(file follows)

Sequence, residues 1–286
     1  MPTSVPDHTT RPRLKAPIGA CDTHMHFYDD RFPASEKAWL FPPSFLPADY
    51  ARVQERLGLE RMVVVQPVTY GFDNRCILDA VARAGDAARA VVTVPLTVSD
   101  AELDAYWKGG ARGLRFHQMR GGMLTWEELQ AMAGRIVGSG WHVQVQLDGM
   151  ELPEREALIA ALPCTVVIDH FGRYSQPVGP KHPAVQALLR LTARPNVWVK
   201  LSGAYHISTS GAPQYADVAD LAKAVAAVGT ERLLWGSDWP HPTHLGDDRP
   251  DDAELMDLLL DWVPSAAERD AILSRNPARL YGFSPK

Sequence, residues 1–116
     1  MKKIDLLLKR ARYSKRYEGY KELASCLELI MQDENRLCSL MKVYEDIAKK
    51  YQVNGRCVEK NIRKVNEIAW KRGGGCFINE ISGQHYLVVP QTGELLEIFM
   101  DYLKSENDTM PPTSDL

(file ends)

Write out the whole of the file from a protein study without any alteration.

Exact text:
Sequence, residues 1–286
     1  MPTSVPDHTT RPRLKAPIGA CDTHMHFYDD RFPASEKAWL FPPSFLPADY
    51  ARVQERLGLE RMVVVQPVTY GFDNRCILDA VARAGDAARA VVTVPLTVSD
   101  AELDAYWKGG ARGLRFHQMR GGMLTWEELQ AMAGRIVGSG WHVQVQLDGM
   151  ELPEREALIA ALPCTVVIDH FGRYSQPVGP KHPAVQALLR LTARPNVWVK
   201  LSGAYHISTS GAPQYADVAD LAKAVAAVGT ERLLWGSDWP HPTHLGDDRP
   251  DDAELMDLLL DWVPSAAERD AILSRNPARL YGFSPK

Sequence, residues 1–116
     1  MKKIDLLLKR ARYSKRYEGY KELASCLELI MQDENRLCSL MKVYEDIAKK
    51  YQVNGRCVEK NIRKVNEIAW KRGGGCFINE ISGQHYLVVP QTGELLEIFM
   101  DYLKSENDTM PPTSDL